In Fig. 7 there is shown a modified construction in which the cam 99 has its surface curved transversely while the wings 8l have flat faces. This achieves the same automatic alignment and also permits of adjustment for fit and compensation for wear by lateral movement of the cam.

The arm 84 on the feed shaft 1l is substantially horizontal and is adapted to be oscillated in both directions from this portion. It will be seen, however, that if the motion of the follower for cam 99 is unimpeded except at pivot 83 it will merely oscillate in a substantially fore and aft path about this pivot and will not impart motion to the feed shaft because of the almost vertical position of the cam follower faces. To permit of adjusting the amount of movement imparted to feed shaft and hence to the feed point, a supporting link 90 is pivoted to the head 8B by pivot pin 9| near its lower left hand corner as seen in Fig. 4. This short link carries a fulcrum pin 92 at its lower end, which is adjustable in position toward and from the connecting rod to change the inclination of the link. It will be seen that when a line through the fulcrum 92 and the pivot 9| is substantially parallel to the axis of the connecting rod 82, as seen in Fig. 5, that this rod merely oscillates laterally and has no vertical movement, but as the inclination of this line with the axis of the connecting yrod increases, that more and more of the motion of the cam will be imparted longitudinally to the connecting rod.

Manual stitch adjusting means is provided for changing the position of this fulcrum 92, which is constrained to move within a limited arcuate range by being carried by a second or suspension link 94 preferably of the same length as link 99, journalled on fulcrum 92 and having its opposite end journalled at 95 on a pivot shaft extending through the side of the standard and adjustable for applying friction to the end of the link by means of a screw and lock washer Sii. The position of the shaft 95 is such that in the intermediate position of the pin 9i their axes coincide.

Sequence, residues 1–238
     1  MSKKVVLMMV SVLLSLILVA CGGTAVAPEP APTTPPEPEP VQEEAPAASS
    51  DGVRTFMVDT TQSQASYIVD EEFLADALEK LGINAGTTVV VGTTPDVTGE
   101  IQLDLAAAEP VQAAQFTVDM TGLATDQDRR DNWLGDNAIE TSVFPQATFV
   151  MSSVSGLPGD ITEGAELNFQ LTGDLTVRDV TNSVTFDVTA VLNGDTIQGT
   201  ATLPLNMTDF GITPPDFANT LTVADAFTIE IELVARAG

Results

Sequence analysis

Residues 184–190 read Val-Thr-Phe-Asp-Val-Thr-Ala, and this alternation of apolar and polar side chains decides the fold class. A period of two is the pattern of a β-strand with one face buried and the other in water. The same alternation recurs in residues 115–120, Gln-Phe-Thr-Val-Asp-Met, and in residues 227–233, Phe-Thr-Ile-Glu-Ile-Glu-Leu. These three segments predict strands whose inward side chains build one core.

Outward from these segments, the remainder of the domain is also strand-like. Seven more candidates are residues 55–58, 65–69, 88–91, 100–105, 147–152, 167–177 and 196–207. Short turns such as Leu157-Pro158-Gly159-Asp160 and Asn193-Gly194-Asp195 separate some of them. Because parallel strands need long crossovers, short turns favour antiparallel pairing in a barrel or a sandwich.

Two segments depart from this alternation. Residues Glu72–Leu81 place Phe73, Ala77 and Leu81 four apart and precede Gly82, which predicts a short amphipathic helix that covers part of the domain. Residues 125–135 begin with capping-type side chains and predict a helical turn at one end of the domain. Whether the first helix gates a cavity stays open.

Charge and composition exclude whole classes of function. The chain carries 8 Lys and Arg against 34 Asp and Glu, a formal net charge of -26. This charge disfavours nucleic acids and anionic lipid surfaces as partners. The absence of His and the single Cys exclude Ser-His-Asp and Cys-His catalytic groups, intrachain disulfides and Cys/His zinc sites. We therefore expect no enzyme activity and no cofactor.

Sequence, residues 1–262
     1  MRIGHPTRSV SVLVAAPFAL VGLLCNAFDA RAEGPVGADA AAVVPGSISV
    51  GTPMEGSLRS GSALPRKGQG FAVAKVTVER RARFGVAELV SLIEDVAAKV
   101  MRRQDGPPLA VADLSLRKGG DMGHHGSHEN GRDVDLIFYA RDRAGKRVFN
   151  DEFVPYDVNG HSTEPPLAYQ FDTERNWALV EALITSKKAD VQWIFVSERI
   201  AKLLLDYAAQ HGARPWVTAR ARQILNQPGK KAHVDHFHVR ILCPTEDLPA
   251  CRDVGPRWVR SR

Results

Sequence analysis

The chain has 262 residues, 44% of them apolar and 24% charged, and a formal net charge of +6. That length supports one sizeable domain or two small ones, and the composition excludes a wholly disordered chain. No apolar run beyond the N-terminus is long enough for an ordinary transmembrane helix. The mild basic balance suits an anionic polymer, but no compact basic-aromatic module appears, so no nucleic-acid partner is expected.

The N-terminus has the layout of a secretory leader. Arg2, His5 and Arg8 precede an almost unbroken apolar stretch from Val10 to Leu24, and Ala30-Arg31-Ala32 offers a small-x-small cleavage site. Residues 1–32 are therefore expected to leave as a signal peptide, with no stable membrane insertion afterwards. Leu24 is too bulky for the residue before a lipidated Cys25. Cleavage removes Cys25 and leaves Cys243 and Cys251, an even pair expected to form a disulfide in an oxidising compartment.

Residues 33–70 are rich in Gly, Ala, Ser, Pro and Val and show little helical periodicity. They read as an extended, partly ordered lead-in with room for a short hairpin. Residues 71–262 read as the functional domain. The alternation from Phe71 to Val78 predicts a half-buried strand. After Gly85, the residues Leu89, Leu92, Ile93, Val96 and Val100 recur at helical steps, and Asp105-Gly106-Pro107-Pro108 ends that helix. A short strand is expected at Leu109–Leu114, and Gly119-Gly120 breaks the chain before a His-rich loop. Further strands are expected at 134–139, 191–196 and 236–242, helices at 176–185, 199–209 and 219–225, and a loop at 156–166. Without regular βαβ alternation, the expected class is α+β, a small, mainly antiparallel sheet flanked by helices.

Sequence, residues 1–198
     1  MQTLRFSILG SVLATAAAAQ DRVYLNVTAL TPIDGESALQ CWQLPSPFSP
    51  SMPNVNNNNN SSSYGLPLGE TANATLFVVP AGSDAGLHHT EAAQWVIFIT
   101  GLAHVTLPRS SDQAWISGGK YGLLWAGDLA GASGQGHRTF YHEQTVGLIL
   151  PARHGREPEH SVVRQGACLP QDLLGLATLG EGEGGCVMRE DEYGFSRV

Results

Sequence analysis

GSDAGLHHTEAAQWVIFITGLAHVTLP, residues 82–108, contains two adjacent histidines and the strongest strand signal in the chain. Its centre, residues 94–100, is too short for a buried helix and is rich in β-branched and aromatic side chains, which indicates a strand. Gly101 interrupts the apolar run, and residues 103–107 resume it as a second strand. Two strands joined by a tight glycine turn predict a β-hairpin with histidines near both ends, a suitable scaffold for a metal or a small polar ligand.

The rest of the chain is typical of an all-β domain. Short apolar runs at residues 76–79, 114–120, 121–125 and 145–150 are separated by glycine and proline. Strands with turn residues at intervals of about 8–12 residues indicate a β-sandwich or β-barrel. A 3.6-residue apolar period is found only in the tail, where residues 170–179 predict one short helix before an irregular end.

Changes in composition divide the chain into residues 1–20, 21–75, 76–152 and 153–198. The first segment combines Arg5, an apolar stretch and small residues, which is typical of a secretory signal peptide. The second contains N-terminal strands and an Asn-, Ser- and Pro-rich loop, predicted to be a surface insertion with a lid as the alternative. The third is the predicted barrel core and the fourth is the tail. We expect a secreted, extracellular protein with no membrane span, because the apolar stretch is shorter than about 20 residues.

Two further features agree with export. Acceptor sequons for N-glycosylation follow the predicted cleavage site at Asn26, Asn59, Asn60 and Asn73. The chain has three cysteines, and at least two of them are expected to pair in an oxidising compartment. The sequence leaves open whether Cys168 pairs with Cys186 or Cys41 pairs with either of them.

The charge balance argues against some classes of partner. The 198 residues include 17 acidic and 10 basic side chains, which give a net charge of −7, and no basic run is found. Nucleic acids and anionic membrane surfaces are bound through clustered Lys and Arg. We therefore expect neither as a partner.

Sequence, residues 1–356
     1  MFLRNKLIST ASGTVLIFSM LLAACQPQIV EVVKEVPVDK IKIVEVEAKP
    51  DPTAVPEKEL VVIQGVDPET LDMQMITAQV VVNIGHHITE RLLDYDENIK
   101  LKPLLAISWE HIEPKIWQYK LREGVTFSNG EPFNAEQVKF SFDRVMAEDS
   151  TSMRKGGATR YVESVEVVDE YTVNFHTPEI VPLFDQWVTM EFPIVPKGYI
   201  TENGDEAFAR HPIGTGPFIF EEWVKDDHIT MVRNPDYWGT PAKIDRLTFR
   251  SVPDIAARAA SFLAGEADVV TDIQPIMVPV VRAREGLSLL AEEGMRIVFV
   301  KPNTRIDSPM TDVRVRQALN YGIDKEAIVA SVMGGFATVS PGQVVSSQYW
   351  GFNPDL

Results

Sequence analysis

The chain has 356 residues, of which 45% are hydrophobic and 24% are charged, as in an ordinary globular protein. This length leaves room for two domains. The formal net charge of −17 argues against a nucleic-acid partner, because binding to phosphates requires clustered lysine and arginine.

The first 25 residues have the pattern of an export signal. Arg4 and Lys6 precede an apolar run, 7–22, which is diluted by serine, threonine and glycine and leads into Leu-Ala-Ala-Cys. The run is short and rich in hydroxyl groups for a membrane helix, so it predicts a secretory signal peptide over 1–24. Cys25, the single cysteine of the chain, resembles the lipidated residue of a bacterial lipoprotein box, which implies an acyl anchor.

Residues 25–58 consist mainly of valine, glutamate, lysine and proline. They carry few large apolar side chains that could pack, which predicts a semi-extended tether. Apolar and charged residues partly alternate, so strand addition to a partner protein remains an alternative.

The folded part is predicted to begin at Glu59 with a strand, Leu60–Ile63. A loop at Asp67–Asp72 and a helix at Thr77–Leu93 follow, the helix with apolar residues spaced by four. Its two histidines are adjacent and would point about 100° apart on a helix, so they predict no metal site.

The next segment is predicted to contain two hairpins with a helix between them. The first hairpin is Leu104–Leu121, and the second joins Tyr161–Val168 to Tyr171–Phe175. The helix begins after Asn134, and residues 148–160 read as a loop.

The position of the fulcrum pin 92 in itsarc about pin 95 is manually adjustable by means of a bell crank lever 91 mounted on a pin 9S having an adjustment to provide frictional resistance to insure the lever remaining where positioned. This lever has a forwardly directed handle 99 extending through a slot on the front face of the standard and cooperating with a graduated arcuate surface |09 and has a second arm mi slotted at its upper end at 192 for a relatively close working fit on an extension of the fulcrum 92. By lifting the hand lever 99 the stroke of the connecting rod in its effective vertical direction is adjustable from zero to a maximum, and likewise the stroke of the feed point in its horizontal direction is commensurate to change the stitch length.

In Fig. 4 the position of the parts just described is such that a maximum stroke in the vertical direction is imparted to the connecting rod 82, for it will be seen that a line connecting the pivot 9! through fulcrum 92 would have an angle of about 30 with the axis of the connecting rod 82. In Fig. 5 the hand lever 99 is adjusted to a position where a line passing through the pivot 9i and the fulcrum 92 is parallel to the axis of the connecting rod 92 and in this position substantially no vertical movement is imparted to the latter and the stitch size is the minimum.

The parts of the stitch adjusting mechanism may be made from any suitable material, such for example, simple sheet metal stampings or such material as would require little or no machining, all of which maintains the cost at a minimum.

I claim: